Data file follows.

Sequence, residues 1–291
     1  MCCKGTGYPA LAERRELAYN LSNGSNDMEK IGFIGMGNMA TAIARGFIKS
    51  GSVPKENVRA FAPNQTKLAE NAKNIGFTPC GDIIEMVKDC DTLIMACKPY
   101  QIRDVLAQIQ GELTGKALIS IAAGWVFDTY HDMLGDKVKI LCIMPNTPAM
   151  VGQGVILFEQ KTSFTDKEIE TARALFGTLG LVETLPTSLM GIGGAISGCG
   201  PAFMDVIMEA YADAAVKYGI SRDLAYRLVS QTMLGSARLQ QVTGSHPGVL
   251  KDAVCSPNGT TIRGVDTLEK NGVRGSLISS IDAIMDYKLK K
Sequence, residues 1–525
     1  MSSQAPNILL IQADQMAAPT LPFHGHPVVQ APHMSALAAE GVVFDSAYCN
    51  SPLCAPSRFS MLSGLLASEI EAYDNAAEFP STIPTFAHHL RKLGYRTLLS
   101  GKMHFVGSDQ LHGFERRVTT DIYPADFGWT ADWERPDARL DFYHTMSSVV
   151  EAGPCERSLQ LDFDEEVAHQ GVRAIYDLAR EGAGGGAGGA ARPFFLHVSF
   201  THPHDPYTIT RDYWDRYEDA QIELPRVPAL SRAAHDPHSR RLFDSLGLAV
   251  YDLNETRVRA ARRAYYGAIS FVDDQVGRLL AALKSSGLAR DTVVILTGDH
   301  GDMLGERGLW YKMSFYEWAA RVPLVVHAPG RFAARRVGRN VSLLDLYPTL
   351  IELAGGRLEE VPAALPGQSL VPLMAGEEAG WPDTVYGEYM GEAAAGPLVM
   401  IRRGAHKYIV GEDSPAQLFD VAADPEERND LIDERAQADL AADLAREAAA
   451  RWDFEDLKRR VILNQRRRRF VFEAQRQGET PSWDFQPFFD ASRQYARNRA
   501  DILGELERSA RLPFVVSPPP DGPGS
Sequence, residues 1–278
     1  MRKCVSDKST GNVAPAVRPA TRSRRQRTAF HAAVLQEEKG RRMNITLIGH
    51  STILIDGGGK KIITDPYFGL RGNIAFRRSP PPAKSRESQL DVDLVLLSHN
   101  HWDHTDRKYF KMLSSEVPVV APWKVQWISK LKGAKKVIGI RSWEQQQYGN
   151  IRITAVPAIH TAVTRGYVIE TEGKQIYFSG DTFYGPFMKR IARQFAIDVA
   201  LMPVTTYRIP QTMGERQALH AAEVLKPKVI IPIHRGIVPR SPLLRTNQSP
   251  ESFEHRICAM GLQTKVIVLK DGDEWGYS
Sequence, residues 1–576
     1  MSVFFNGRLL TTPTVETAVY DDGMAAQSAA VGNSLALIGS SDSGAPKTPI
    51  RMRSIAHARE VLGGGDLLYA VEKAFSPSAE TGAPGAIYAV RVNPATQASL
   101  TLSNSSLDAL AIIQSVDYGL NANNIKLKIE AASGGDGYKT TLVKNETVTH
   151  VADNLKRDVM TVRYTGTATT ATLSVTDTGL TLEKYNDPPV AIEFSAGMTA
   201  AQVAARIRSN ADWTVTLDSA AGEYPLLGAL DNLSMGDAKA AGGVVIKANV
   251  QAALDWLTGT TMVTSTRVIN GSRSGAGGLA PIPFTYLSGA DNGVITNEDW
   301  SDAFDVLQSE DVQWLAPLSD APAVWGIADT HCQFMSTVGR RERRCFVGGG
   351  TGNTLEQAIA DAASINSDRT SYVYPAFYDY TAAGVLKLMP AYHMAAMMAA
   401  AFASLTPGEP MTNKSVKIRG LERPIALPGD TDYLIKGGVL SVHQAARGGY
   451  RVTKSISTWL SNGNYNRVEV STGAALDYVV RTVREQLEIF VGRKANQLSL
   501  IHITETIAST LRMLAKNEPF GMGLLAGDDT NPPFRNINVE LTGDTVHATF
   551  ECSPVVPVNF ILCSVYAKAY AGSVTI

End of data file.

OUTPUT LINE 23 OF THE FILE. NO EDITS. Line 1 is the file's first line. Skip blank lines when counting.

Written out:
   101  HWDHTDRKYF KMLSSEVPVV APWKVQWISK LKGAKKVIGI RSWEQQQYGN